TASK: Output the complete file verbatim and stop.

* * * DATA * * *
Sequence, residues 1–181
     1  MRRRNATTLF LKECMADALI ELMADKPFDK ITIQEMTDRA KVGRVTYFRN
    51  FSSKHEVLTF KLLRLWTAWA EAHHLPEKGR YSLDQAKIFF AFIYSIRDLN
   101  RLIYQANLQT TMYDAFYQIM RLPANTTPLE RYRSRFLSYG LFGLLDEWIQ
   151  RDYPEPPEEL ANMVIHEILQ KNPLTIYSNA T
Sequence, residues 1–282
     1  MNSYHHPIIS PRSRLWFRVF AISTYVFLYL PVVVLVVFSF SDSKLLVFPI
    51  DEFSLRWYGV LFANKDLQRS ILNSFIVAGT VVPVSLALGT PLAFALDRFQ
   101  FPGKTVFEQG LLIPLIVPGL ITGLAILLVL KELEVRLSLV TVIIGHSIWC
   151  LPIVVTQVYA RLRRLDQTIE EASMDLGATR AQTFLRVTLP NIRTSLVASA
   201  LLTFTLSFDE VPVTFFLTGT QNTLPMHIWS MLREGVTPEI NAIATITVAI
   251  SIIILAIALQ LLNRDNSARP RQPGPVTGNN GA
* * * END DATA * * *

Sequence, residues 1–181
     1  MRRRNATTLF LKECMADALI ELMADKPFDK ITIQEMTDRA KVGRVTYFRN
    51  FSSKHEVLTF KLLRLWTAWA EAHHLPEKGR YSLDQAKIFF AFIYSIRDLN
   101  RLIYQANLQT TMYDAFYQIM RLPANTTPLE RYRSRFLSYG LFGLLDEWIQ
   151  RDYPEPPEEL ANMVIHEILQ KNPLTIYSNA T
Sequence, residues 1–282
     1  MNSYHHPIIS PRSRLWFRVF AISTYVFLYL PVVVLVVFSF SDSKLLVFPI
    51  DEFSLRWYGV LFANKDLQRS ILNSFIVAGT VVPVSLALGT PLAFALDRFQ
   101  FPGKTVFEQG LLIPLIVPGL ITGLAILLVL KELEVRLSLV TVIIGHSIWC
   151  LPIVVTQVYA RLRRLDQTIE EASMDLGATR AQTFLRVTLP NIRTSLVASA
   201  LLTFTLSFDE VPVTFFLTGT QNTLPMHIWS MLREGVTPEI NAIATITVAI
   251  SIIILAIALQ LLNRDNSARP RQPGPVTGNN GA